Re: No gravity well - but asteroids are moving targets
No, you can exploit asteroid resources *in space*. Low orbit satellites need fuel so they don't fall down due to atmospheric drag, and high orbit satellites need fuel to get to high orbit in the first place. So the first mining product will likely be fuel for satellites. Anything else will come later and be gravy. If nothing else, the slag after extracting fuel can become radiation shielding, which you need for anywhere above low orbit.
Even in low orbit, you need some shielding to use modern electronics, because they are sensitive to particles from the radiation belts.
An open source Space Engineering reference book is under construction here:
If you want to find out how all this might be done, it's a starting point.
There is a radiation experiment on that mission to measure what humans would be exposed to on a Mars mission. This will give it some good data.
Self Expanding Factory
What you want eventually is the ability to make things out of local materials on Mars or elsewhere in space, because hauling it all from Earth is just too expensive. So for near term missions, I would send experiments in making simple things, like oxygen or collecting water, to demonstrate those tasks for later missions.
At the same time I would work on Earth and the Space station to prove out the next level of difficulty. An example would be extracting iron from the red rust on the Martian surface, which would later be used as building materials.
The end point would be a self-expanding factory that can make most anything you need on Mars from raw materials, but there are many small steps to take towards that goal. Start with the easiest ones, and work from there
Encrypted File Storage
All this does is encourage online file storage places like Mediafire to add "encrypt on upload" features, so the data is never in un-encrypted form on their machines. Police can raid all they want, they have no way to tell what files are stored there, neither can the storage operator.
It would be easier to pay the embassy of some benighted third world country to host the server. Attacking that *would* be an international incident.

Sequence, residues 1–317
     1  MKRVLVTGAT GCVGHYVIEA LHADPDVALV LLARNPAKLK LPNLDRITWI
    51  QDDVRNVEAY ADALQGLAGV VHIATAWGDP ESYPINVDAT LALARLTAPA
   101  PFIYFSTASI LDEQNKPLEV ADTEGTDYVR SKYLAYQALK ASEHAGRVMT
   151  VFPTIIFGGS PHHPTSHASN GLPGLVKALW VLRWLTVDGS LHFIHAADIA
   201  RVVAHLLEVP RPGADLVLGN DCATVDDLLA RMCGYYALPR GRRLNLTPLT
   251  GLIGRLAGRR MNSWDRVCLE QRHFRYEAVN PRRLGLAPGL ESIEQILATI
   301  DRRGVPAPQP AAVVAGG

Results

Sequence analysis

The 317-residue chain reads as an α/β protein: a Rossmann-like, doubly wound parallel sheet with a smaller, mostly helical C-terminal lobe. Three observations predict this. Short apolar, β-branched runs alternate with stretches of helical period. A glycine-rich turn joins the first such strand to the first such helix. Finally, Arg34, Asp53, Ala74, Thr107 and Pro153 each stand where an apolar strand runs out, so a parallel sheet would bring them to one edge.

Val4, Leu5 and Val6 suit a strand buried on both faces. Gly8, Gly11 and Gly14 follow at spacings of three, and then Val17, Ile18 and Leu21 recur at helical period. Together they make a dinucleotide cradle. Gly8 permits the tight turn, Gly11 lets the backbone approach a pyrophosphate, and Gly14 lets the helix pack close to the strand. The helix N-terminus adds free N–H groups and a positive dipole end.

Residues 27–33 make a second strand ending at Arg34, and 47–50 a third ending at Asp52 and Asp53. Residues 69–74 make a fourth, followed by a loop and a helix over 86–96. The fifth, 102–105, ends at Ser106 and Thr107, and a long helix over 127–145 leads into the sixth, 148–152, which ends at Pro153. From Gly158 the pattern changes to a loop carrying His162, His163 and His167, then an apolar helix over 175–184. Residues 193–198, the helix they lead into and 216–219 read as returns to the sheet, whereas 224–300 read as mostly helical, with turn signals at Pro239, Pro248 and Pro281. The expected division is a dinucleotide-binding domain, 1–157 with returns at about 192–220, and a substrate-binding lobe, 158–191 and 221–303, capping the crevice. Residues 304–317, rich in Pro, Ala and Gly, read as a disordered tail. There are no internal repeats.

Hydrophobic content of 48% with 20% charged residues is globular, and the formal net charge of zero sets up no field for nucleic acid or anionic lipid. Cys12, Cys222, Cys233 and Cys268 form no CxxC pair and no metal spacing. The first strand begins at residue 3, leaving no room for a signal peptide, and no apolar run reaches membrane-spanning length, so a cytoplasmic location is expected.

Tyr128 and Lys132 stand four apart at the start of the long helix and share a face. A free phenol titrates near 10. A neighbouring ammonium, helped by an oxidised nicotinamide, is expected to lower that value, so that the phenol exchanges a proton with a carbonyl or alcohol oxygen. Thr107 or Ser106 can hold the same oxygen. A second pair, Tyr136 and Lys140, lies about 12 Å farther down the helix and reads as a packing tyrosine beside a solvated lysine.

Meanwhile, local pirate boxes (wifi transmitter + data storage) can be located in automobiles parked in busy locations, and solar-powered. By the time the Powers that Be figure out a site is transmitting, they can have moved on. The whole TPB index of magnet links + comments + descriptions can probably fit on a single flash drive these days.
A wll placed SAM?
@sisk - well, no, for two reasons:
* Surface to air missiles fall short by thousands of times in reaching that altitude. A stripped down ballistic missile, or a satellite launcher could get there.
* A 50 meter sphere has a volume of 65,000 cubic meters. Depending on what it is made of, then that asteroid has a mass of 65 to 260 kilotons (1 to 4 large aircraft carriers). A SAM will not do much to it.
The only practical thing to do if you have a few weeks notice is lob a nuclear bomb or three (for redundancy) at it, and try to deflect it sideways. It will almost certainly fragment if you do that, but that does not matter if the fragments miss the Earth. If you have longer lead times (years) you can look at less violent methods of pushing it out of the way.
Make it a feature, not a requirement
I agree with the general trend of the comments - make the Metro UI an option you can turn off, and us desktop users with multiple monitors will not have to mouse all over the place to get simple tasks done.
By the way, I have yet to see a demo of Windows 8 with two or more monitors, how does it handle that situation?
Re: First they came for the copyright infringers-
And they responded by developing the Low Orbit Ion Cannon, Tor, and, for traditionalists, Sneakernet.
Sure, creators should have the right to profit from their work, but non-commercial sharing has always existed. We used to loan DVDs at work to each other in the days before broadband. Before that people made mix tapes on cassette to play in the car.